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Nomura cuts 30 City bankers amid dealmaking slump

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Nomura cuts 30 City bankers amid dealmaking slump

Nomura has axed around 30 dealmakers in the City as part of a broader move to trim its international investment bank as fees have slumped.

The Japanese bank has become the latest firm to react to a decline in dealmaking, rolling out job cuts across its operations in Europe, the US and Asia Pacific, according to people with knowledge of the plans.

In London, around 10% of its dealmaking team — or 30 people — have been put at risk of redundancy, according to people with knowledge of the matter. These are largely in areas where Nomura has limited scale. Technology media services and financial institutions-focused bankers were included in the City cuts.

“2022 saw a material deterioration in global investment banking fee pools and, as a result, we have had to reduce headcount in certain areas,” a spokesperson said. “These changes are designed to ensure we retain focus in our key areas of competitive advantage, whilst maintaining core capabilities to position the platform for sustainable profitability.”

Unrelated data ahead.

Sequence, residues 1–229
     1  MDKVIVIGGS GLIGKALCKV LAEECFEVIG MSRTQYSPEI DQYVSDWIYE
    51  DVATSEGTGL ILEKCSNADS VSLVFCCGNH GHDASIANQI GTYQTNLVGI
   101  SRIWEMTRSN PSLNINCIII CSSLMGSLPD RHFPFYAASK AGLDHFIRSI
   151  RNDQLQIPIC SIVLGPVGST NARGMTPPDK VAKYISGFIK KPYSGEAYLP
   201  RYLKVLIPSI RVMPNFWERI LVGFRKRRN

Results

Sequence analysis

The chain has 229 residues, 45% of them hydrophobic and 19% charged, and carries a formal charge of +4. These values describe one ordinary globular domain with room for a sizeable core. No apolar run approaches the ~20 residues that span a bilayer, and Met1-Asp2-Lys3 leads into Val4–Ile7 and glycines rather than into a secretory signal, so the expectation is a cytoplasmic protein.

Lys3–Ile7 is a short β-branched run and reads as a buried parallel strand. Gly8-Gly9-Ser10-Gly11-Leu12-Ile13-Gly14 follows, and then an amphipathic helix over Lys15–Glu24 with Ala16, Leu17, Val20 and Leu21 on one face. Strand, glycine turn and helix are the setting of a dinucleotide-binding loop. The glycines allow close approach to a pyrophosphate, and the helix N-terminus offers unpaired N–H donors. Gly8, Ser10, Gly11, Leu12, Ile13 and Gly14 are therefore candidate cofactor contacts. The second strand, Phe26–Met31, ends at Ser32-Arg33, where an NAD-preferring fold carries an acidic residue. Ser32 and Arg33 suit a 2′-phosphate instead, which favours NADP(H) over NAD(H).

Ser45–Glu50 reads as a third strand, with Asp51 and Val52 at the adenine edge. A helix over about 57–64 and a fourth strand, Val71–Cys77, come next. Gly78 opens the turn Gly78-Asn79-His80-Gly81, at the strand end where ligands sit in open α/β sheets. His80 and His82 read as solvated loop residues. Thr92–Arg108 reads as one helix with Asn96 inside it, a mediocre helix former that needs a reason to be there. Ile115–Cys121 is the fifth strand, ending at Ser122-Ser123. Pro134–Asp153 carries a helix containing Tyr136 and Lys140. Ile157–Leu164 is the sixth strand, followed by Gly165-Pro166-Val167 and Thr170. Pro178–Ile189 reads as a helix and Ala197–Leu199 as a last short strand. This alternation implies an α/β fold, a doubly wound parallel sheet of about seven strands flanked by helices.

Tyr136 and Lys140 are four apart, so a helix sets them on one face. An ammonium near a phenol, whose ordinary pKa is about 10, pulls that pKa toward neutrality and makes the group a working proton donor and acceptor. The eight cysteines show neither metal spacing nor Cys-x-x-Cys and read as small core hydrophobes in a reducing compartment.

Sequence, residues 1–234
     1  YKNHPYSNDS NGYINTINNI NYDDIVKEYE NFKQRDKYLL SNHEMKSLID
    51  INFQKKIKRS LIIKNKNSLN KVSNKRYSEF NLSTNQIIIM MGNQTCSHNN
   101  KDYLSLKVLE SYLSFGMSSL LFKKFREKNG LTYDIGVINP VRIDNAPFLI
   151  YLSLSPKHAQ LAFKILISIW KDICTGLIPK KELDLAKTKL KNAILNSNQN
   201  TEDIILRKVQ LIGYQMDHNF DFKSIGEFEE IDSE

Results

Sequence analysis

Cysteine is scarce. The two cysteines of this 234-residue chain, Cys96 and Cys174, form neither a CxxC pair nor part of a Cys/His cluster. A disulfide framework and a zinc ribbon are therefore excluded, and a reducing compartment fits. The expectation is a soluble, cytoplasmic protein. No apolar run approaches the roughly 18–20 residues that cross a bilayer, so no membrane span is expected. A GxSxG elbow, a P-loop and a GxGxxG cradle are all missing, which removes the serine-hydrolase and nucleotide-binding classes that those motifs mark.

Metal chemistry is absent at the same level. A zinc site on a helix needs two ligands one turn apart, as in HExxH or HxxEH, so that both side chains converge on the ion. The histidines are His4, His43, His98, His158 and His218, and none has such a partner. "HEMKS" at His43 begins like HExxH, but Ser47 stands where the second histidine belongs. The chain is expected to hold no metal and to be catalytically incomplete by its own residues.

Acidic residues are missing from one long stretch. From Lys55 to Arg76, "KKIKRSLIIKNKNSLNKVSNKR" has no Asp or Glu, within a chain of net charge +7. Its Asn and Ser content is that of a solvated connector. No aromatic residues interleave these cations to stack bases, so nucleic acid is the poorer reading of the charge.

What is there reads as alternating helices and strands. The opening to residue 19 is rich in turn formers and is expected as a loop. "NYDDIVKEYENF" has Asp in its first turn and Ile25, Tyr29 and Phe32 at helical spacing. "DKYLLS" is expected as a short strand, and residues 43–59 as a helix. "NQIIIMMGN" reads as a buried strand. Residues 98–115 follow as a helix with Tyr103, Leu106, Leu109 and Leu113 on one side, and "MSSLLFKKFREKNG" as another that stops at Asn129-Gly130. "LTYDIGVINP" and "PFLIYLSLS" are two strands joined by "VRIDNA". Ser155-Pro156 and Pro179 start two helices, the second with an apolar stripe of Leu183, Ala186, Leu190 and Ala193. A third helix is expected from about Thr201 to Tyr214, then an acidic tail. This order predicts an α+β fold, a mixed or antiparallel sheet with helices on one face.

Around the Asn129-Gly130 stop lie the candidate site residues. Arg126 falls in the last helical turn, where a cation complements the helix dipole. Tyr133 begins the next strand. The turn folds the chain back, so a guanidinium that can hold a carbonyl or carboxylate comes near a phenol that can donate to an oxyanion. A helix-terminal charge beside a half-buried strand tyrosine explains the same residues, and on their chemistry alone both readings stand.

READ Inside Nomura’s ambitious plan to take on Wall Street: ‘Clients will pay for the best bankers’

Nomura has been reshaping its investment bank under Jeff McDermott, who was installed as global co-head of the unit in 2021. He has been focused on hiring dealmakers in key sectors such as ESG, instead of going toe-to-toe with big Wall Street players across all products. This included the creation of a global greentech, industrial and infrastructure unit last year, which numbers around 150 bankers.

“We’re deliberately picking our shots,” McDermott told FN in May 2022.

Most large investment banks have now cut dealmakers after fees slumped by more than 40% in 2022. It is a stark contrast to a year earlier, when an unprecedented deal boom led to an intense fight for talent and led to some of the biggest bonuses since before the 2008 financial crisis.

Goldman Sachs started cutting bankers on 9 January as part of a plan that will eventually see around 3,200 staff depart. Rivals Barclays, Citigroup, Deutsche Bank and Morgan Stanley all cut jobs last year.

To contact the author of this story with feedback or news, email Paul Clarke

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